Pakistan sits at the cultural crossroads of the ancient world, and the heritage sites in the country is a testament to it. Heavily influenced by Hinduism, Buddhism and Islam, it showcases its heritage through its preserved heritage sites. Currently, there are 5 properties that are listed as World Heritage Sites by the UNESCO. These include:
Buddhist Ruins of Takht-i-Bahi and Neighboring City remains at Sahr-i-Bahlol: This is the remains of a famous Buddhist monastery and a fortified city. The monastery dates back to the 1st century CE. The complex consists of numerous stupas.
Rohtas Fort: This fort near Jhelum is an exceptional example of the Muslim military architecture of central and South Asia. The fort has such a presence because it successfully blends architectural and artistic traditions from Turkey and South Asia to create the model for Mughal architecture. It was built in 1541 CE and survives intact till today.
Photo Source: mylandpakistan.com
Historic Monuments of Malki, Thatta: Built in the 14th century, the remains of the city and its necropolis provide a unique view of civilization in Sind. While the palaces have disappeared a rich collection of tombs continues to survive. For details please click here
Fort and Shalamar Gardens: Located towards the east of Lahore, the Fort is a trapezoidal composition spread over 20 hectares. The existing base structure was built during the reign of Mughal emperor Akbar (1556-1605), and was regularly upgraded by subsequent rulers. Among the various monuments within the fort, the highlights are: the Moti Masjid, Naulaka pavilion, Alamgiri Gate, and Sheesh Mahal.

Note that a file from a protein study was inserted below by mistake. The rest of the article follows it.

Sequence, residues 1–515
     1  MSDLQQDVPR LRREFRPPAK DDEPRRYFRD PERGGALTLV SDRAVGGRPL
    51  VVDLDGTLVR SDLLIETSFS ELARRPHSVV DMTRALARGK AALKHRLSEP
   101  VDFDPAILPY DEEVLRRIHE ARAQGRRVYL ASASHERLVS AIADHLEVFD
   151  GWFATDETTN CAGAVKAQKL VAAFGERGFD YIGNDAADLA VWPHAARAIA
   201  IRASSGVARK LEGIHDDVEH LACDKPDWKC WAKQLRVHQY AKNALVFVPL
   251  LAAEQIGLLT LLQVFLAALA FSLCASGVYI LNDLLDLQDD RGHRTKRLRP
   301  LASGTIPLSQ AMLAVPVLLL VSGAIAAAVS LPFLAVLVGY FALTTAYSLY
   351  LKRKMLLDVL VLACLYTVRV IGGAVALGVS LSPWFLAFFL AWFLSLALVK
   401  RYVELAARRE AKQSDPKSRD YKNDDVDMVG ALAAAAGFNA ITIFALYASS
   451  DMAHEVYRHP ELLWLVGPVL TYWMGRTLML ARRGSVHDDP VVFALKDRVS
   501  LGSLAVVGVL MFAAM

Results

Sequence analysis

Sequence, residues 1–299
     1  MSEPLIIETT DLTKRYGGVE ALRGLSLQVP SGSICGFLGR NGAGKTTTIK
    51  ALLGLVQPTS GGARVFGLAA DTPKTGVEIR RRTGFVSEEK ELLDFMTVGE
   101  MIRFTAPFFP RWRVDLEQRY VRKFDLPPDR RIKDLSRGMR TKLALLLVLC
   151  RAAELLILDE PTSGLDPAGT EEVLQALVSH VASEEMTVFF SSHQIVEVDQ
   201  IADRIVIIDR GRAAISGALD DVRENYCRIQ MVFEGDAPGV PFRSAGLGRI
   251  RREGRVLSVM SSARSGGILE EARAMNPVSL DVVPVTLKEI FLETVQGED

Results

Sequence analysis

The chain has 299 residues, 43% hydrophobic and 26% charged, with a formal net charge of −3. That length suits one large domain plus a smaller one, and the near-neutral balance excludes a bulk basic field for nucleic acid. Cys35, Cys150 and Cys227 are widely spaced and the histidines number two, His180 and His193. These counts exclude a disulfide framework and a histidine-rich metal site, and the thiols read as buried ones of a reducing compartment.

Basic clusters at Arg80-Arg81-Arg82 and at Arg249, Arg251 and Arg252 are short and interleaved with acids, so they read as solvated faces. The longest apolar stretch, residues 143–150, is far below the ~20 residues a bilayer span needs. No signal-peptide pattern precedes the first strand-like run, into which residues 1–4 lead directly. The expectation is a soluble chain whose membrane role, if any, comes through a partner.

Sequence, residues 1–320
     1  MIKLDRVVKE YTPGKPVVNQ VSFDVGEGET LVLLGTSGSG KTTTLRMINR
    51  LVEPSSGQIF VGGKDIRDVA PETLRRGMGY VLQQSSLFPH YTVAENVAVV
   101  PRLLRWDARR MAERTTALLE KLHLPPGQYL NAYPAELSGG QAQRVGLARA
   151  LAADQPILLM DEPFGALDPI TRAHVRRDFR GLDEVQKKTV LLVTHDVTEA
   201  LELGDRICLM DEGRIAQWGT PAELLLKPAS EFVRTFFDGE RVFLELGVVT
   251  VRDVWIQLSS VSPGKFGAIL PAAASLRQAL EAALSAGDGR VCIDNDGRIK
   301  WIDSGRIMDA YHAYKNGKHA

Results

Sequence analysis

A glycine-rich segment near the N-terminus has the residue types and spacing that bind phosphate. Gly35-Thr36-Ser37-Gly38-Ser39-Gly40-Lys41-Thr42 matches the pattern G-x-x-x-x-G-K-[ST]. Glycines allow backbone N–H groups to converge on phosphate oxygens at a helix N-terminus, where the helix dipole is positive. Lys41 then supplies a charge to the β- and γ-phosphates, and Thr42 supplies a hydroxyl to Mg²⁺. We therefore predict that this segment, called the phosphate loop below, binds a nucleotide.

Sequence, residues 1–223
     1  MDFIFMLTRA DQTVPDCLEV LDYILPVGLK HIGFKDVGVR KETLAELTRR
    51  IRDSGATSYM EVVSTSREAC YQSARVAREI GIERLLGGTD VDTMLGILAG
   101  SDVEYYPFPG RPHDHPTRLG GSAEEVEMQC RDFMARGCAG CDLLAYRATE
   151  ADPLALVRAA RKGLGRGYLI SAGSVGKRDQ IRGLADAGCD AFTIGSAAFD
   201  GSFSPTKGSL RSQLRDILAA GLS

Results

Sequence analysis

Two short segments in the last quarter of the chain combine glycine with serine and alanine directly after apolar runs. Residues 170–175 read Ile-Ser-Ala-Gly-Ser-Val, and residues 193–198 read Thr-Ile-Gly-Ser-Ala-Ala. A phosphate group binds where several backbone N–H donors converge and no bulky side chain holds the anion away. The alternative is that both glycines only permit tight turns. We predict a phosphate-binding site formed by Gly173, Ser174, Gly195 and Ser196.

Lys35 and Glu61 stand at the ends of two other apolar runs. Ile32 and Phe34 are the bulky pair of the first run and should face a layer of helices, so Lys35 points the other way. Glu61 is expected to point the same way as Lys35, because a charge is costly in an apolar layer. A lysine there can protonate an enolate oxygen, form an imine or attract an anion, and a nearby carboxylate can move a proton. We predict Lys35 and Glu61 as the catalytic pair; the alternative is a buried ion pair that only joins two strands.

The Shalimar Gardens are located 8 kilometers (5 miles) east of Lahore. They were commissioned by Shah Jahan in 1637. The form of the garden is inspired by the gardens of the same name, in Kashmir, and would later be copied in the Shalimar Gardens of Delhi. The Shalimar Gardens are among the best preserved Mughal gardens. For further details please click here
Mohenja daro: The Archaeological Ruins at Moenjodaro (or Mohenjo-daro) are the remains of one of the largest settlements of the ancient Indus Valley Civilization. The city was built around 2600 BC, and was abandoned around 1700 BC. It was rediscovered in 1922. Moenjodaro was the most advanced city of its time, with remarkably sophisticated civil engineering and urban planning. The site was divided into two sections: the acropolis with the major structures, and the lower town with private houses and commercial buildings.
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Taxilla: Taxila is an archaeological site containing the ruins of the Gandhâran city of Takshashila, an important Vedic/Hindu and Buddhist centre of learning from the 6th century BCE to the 5th century CE. Historically, Taxila lay at the crossroads of three major trade routes: the royal highway from Pâṭaliputra; the north-western route through Bactria, Kâpiúa, and Puṣkalâvatî (Peshawar); and the route from Kashmir and Central Asia. Situated on the Indus, various invaders from Greece, Persia, and Central Asia left a mark on the city and its style over the ages.
Kim’s Gun or Zamzama
“He sat in defiance of municipal orders, astride the gun Zam-Zammeh, on her old platform, opposite the old Ajaibgher, the Wonder House, as the natives called the Lahore Museum. Who hold Zam-Zammah, that ‘fire-breathing dragon’, hold the Punjab, for the great green-bronze piece is always first of the conqueror’s loot.